By RICHARD MEEHAN
The Cool Justice Report
March 1, 2008
EDITOR'S NOTE: This column is available for reprint courtesy of The Cool Justice Report, http://cooljustice.blogspot.com
The FBI has begun investigating whether Roger Clemens has perjured himself in his recent Congressional testimony.
Clemens has flatly denied that Brian McNamee injected him with Human Growth Hormone, despite McNamee’s testimony before that body that he had done so. Further compounding Clemens’ credibility was the testimony of his friend and Yankee teammate, Andy Petite. Petite admitted to his own, albeit brief, use of the steroid to aid healing of an injury. More importantly, he indicated that Clemens had informed him that he had used steroids, thus adding a measure of corroboration to the McNamee allegation.
This column has been critical, not only of Clemens for his questionable decision to testify, but also of the approach of his counsel, Rusty Hardin. Hardin endorsed Clemens appearing and publicly testifying, and has embarked on a campaign to attempt to discredit Brian McNamee. Perhaps Hardin is correct. Perhaps McNamee is using the fame of Clemens as a bargaining chit to leverage the best possible deal to save himself. In the world of criminal cooperators the bigger the prize a cooperator’s testimony can deliver for the government, the greater the reward; that is the greater the reduction in the cooperator’s potential sentence. McNamee could not point to a bigger prize than Roger Clemens. Although the Mitchell report has determined that McNamee’s account is credible, McNamee has admitted that he has lied during the course of the investigation. Clemens lawsuit against McNamee, and now the potential of a criminal investigation and possible trial of Clemens could ultimately demonstrate where the real truth lies.
What are the possibilities for the Justice Department now charged with the responsibility to investigate. In a prior column this author reviewed the federal crime of giving a false statement to a federal law enforcement official. Title 18 United States Code, §1001(c) applies that prohibition to any matter within the jurisdiction of Congress or any subcommittee.
There is another potential crime to which Clemens has now been exposed: perjury. Title 18 United States Code §1621 states: “Whoever . . .having taken an oath before a competent tribunal, officer, or person . . . that he will testify, declare, depose or certify truly. . . and contrary to such oath states or subscribes any material matter which he does not believe to be true . . . is guilty of perjury and shall. . . be fined under this chapter or imprisoned not more than five years or both.”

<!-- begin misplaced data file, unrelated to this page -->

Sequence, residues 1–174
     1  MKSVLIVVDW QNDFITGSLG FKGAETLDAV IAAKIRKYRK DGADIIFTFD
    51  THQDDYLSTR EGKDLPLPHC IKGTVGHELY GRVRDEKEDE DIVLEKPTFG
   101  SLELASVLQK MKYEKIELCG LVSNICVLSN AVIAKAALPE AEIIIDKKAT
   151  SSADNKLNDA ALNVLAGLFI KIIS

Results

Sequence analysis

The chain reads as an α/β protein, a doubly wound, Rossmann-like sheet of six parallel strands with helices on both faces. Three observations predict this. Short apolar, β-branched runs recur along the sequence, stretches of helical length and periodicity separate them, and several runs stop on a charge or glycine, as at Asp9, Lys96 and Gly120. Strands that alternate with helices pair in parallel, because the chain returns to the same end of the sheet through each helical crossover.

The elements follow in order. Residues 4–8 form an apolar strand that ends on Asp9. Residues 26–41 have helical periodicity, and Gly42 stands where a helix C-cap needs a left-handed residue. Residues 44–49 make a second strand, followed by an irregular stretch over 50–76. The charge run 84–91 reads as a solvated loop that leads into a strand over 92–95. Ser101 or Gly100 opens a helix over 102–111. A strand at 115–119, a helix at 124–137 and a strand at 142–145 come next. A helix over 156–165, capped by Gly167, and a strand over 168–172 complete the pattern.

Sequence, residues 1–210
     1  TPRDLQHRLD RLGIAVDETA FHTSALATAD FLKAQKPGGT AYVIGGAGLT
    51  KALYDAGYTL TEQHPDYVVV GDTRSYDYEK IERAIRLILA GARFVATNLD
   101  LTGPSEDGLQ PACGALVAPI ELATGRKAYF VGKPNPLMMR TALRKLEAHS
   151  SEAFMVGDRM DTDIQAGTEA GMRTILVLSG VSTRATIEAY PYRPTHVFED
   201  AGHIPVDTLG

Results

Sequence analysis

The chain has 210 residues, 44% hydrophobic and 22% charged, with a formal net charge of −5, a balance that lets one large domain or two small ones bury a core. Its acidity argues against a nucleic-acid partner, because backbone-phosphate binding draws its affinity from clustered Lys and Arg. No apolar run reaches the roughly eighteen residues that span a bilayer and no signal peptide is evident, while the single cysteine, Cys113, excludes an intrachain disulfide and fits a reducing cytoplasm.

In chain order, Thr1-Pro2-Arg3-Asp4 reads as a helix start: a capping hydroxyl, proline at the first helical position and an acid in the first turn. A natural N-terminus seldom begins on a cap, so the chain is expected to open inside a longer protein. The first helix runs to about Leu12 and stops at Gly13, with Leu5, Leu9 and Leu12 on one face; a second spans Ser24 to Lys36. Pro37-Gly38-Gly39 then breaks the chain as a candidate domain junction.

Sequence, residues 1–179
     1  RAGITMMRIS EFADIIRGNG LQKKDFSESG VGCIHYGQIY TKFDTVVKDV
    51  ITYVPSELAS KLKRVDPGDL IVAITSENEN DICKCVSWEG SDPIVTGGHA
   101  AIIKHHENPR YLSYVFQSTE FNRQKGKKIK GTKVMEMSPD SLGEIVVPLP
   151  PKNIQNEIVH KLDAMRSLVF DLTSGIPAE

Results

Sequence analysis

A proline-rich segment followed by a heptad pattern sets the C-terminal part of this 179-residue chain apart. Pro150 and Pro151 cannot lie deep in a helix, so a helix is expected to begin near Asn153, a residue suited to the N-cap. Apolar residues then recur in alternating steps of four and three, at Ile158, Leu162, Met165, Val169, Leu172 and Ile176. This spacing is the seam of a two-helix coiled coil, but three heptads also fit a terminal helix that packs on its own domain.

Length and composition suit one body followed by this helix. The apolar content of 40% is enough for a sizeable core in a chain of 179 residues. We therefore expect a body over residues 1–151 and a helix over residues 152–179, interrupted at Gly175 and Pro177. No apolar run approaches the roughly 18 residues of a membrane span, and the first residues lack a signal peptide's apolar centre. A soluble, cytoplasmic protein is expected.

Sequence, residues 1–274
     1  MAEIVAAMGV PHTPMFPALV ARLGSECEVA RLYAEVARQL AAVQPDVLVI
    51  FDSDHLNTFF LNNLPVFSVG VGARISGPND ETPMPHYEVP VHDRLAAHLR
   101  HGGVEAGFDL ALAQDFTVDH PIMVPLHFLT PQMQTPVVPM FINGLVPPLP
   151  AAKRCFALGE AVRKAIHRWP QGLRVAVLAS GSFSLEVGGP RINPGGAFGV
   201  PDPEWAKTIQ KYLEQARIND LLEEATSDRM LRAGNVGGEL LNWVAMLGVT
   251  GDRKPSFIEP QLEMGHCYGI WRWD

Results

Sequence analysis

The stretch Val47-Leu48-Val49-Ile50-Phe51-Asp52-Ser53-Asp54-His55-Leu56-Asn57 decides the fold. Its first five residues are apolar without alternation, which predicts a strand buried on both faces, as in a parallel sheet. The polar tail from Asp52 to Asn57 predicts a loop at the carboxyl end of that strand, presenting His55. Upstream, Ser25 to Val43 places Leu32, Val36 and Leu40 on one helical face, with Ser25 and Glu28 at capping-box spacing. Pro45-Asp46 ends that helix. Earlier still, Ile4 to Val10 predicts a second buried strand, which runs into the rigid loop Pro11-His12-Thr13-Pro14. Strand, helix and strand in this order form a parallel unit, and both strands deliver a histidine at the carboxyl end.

A second federal perjury statute, §1623, applies only to proceedings before a court or grand jury. That statute provides a safe harbor for the witness to purge himself of the crime if he is willing to go back before the panel before which the false declaration was made and admit to the falsity, before the panel concludes the proceedings where the perjurious comment was made. No such safe harbor exists if Clemens is indicted for perjury before Congress, either in the deposition he gave or his sworn testimony before the subcommittee.
Case law has further refined what is necessary to sustain a perjury conviction under §1621. First, the answer must be false: literally truthful answers that imply facts that are not true, as well as truthful answers to questions that are not asked, and failures to correct misleading impressions do not constitute perjury. In the second instance, answers to questions that are fundamentally ambiguous cannot, as a matter of law, be perjurious. Third, a perjury conviction under 18 U.S.C. §1621 cannot rest solely on the testimony of a single witness. In particular a prosecutor must be circumspect about bringing a perjury case based on the testimony of one witness if there is any question as to his credibility or truthfulness. As the Supreme Court has made clear, a perjury case ought not to rest entirely upon “an oath against an oath.”
Courts have also made it clear that the definition of perjury should be carefully limited. Perjury prosecutions can “discourage witnesses from appearing or testifying.” For that reason fundamentally ambiguous questions cannot sustain a perjury conviction. If there is more than one way to understand the meaning of a question and the witness answers truthfully as to his understanding of the meaning, that answer, even if contradicted by others, will not support a perjury conviction.
The third requirement, that there be more than just the contradiction between two witnesses, brings into sharp focus the testimony of Andy Petite, and former Yankee second baseman, Chuck Knoblauch, both of whom appear to corroborate some of McNamee’s claims. Before the Justice Department can consider presenting this matter to a grand jury it must be able to point to more than the direct contradiction between Clemens and his former trainer.
The taint on Clemens continues to grow, unfortunately adding an ugly footnote to an outstanding career. Clemens chose to put himself at risk when he elected to testify, knowing others would testify differently. The preservation of his legacy in the world of sports did not justify the risk he now faces.
Bridgeport attorney Richard Meehan Jr. was the lead defense counsel for former Bridgeport Mayor Joseph Ganim's corruption trial. Meehan is certified as a criminal trial specialist by the National Board of Trial Advocacy since 1994 and serves on the organizations Board of Examiners. He is a Charter Fellow, Litigation Counsel of America -- Trial Lawyer Honorary Society. Meehan has also obtained multi-million dollar verdicts and settlements in complex medical and dental malpractice and personal injury litigation. He is a past president of the Greater Bridgeport Bar Association and appears regularly on Court TV. Website, www.meehanlaw.com